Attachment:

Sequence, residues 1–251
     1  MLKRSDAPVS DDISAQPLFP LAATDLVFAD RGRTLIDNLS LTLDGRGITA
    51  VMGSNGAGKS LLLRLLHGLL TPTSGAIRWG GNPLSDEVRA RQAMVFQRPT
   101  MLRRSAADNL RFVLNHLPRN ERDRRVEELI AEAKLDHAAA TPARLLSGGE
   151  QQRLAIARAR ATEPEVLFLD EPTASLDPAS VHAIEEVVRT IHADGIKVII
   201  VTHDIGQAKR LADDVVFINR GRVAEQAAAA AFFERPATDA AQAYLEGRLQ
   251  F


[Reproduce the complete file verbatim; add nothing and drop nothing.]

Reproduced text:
Sequence, residues 1–251
     1  MLKRSDAPVS DDISAQPLFP LAATDLVFAD RGRTLIDNLS LTLDGRGITA
    51  VMGSNGAGKS LLLRLLHGLL TPTSGAIRWG GNPLSDEVRA RQAMVFQRPT
   101  MLRRSAADNL RFVLNHLPRN ERDRRVEELI AEAKLDHAAA TPARLLSGGE
   151  QQRLAIARAR ATEPEVLFLD EPTASLDPAS VHAIEEVVRT IHADGIKVII
   201  VTHDIGQAKR LADDVVFINR GRVAEQAAAA AFFERPATDA AQAYLEGRLQ
   251  F